Just for the fun of it!

I’m often told that I’m too harsh with my opinions about Diplomacy. I have a set answer for that, which is, frankly, they’re my opinions: you don’t like them? That’s OK. I don’t mind whether you do or don’t.

But I thought, as my first post of 2022, that I’d point out why everyone who plays Diplomacy should be playing Diplomacy. In case you’re wondering, it’s right there in the title – just for the fun of it.

The very essence of playing Diplomacy is that it should be fun. It’s a game, after all, and games are best played between friends and family. They – and Diplomacy – are designed to be fun. Can you imagine sitting round a table with six people you don’t like to play a board game? That must be one of the side circles of Hell.

When you’re playing online, it isn’t always that you get to play with people you know. In fact, with any online game community, you’re probably going to come across an idiot or two… maybe even more. And that means you could find yourself playing the game with someone who you wouldn’t normally spend any time with, if you had the choice, IRL. It can’t be helped.

Certainly, in the Dip communities I know, there are a number of people who make posts on forums that I’d cheerfully walk through caves swarming with hornets to avoid. Do I want to play a game with these people? Not really. Actually, I have a sneaky feeling I’m probably on that list for a number of people in those communities, too.

But that’s fine. That’s what communities are about. Diversity. Diversity of opinion, of philosophy, etc. Diversity is your friend… even if the person who has different ideas isn’t someone you’d choose as a friend!

Without diversity, wouldn’t life be boring? I look at what is happening online, not only within the Dip community but everywhere, and I think we’ve lost that acceptance of difference. People congregate in cliques where their opinions are shared, and shun different opinions.

This is all natural and evolutionary, of course. It’s natural to want to be with people who make us happy or feel wanted. When people agree with you, it releases endorphins that give us a pleasant feeling. We’re part of something bigger… and that’s important because we have a better chance of surviving in something bigger. This is tribalism at work.

However, it’s the exclusivity of this which is harmful. It’s probably more widespread on the internet, I suggest. People not engaging with anyone who has a different opinion to them or, if they do engage, being almost exclusively antagonistic or aggressive towards others.

What seems to be lacking is tolerance. I can understand it, especially when considering racism, misogyny, homophobia, etc – anything that is about establishing superiority or denying equality. Frankly, I don’t want to be spending my time with these kinds of people, among others. But, in the same way, I don’t want to be spending time with anyone who is intolerant in any way.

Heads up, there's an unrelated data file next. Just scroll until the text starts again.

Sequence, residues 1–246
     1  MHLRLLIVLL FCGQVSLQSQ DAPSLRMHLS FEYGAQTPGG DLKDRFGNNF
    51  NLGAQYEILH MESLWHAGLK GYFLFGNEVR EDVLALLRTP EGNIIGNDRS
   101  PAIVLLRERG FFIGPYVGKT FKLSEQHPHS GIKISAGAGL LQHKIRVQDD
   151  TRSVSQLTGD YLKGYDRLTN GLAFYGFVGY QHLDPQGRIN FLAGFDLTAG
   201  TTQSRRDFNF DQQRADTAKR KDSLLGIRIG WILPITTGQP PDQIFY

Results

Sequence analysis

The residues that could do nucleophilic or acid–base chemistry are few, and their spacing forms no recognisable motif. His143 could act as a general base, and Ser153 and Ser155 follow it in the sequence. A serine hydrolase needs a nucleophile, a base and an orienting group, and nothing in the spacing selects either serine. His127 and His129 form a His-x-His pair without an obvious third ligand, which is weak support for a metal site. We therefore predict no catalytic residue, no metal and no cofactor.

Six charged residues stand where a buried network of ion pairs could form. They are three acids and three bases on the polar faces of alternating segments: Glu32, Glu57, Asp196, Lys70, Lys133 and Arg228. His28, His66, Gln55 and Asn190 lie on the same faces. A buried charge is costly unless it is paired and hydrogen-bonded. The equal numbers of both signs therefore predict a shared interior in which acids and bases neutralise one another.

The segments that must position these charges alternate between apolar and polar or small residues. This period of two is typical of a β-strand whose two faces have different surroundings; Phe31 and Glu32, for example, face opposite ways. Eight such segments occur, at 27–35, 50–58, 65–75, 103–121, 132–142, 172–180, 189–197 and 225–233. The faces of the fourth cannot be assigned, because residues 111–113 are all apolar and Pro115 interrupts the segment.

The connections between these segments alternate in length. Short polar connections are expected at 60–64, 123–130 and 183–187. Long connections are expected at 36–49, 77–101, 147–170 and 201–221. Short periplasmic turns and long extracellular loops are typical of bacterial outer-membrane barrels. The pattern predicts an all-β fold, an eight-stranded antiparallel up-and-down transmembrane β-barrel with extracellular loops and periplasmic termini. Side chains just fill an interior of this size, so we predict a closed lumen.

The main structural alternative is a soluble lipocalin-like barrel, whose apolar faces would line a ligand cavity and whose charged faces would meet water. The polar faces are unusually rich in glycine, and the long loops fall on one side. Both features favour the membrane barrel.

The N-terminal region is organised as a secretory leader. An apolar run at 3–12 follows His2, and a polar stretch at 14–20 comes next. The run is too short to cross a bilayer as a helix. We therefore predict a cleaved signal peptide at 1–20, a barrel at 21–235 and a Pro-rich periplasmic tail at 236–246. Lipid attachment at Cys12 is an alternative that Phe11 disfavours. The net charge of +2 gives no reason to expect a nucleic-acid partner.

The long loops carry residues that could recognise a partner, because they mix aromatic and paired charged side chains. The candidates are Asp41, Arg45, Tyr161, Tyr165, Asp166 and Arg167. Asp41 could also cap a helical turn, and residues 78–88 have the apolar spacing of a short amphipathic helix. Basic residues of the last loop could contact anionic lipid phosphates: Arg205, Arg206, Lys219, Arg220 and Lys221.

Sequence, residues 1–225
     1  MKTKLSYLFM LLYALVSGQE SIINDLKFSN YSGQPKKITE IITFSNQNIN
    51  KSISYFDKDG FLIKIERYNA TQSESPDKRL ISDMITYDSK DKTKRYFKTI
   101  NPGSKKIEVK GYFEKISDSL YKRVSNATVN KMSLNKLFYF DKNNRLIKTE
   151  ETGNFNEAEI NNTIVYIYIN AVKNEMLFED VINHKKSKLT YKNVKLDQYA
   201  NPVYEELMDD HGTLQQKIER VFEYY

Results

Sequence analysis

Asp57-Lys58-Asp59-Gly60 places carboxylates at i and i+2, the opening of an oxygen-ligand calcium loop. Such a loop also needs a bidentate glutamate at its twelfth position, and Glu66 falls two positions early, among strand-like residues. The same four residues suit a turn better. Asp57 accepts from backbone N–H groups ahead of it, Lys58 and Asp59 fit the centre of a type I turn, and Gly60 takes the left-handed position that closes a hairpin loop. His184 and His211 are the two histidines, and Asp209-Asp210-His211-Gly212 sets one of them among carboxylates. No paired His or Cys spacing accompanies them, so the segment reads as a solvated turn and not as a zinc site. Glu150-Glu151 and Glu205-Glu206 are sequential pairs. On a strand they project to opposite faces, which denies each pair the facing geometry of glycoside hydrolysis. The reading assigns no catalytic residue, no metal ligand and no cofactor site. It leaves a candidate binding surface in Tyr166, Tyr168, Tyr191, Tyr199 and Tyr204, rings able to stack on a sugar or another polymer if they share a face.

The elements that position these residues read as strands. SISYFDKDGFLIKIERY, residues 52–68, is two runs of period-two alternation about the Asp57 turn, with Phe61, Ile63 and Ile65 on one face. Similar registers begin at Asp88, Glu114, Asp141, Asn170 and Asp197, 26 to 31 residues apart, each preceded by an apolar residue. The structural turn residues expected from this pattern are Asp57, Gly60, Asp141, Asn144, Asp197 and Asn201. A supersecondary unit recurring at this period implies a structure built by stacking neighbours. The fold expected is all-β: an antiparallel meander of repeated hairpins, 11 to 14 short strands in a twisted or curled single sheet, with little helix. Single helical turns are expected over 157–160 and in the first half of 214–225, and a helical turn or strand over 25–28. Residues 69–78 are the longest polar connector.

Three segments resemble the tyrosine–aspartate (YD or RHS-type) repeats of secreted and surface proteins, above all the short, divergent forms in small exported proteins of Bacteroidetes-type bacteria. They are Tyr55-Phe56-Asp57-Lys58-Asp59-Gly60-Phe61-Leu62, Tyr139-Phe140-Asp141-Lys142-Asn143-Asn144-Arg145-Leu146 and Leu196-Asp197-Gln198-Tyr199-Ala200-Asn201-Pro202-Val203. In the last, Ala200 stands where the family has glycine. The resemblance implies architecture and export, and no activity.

Coming back to Diplomacy, I do see a certain amount of intolerance towards certain philosophies, ways of playing and opinions. I often express my opinion that some things are against the way the game was designed to be played but that is simply stating my opinion. You… well, you are free to play however you want.

What people tend to forget is that Diplomacy is just a game. Nobody dies as a result of losing. Nobody’s really hurt because some people are happy to draw the game. If you are really that opposed to how games are being played, then maybe you need a break from it.

I love the Dip Hobby for what it is. Chaotic… perhaps too chaotic, sometimes. Opinionated to the point that lively debate can be held about aspects of it. I like that I can play a game of Dip against Carebears, Unusists, Calhamerians, etc. If everyone played the same way as I do it would get boring pretty damn quickly.

I’ll argue my point against anyone but you can play any way you want. Why? Because it’s meant to be fun, and if you are having fun, that’s all that’s important.

Unless you’re cheating, of course. There’s a limit.

If you’re not having fun when you’re playing Dip, then – again – perhaps it’s time for a break. I know, you’re not going to be enjoying every minute of every game; it’s not like being at a comedy club. But, if you’re not enjoying the challenge of playing, the anticipation of starting a game, or even becoming intolerant towards players who think differently about the game, then something’s been lost.

And that’s a shame.

Published by Mal Arky

I'm a Diplomacy nut... if you haven't guessed. I write about the game Diplomacy, mainly as played online on websites, such as Playdiplomacy, webDiplomacy and Backstabbr. I write books on Diplomacy, too. First one to be published soon!

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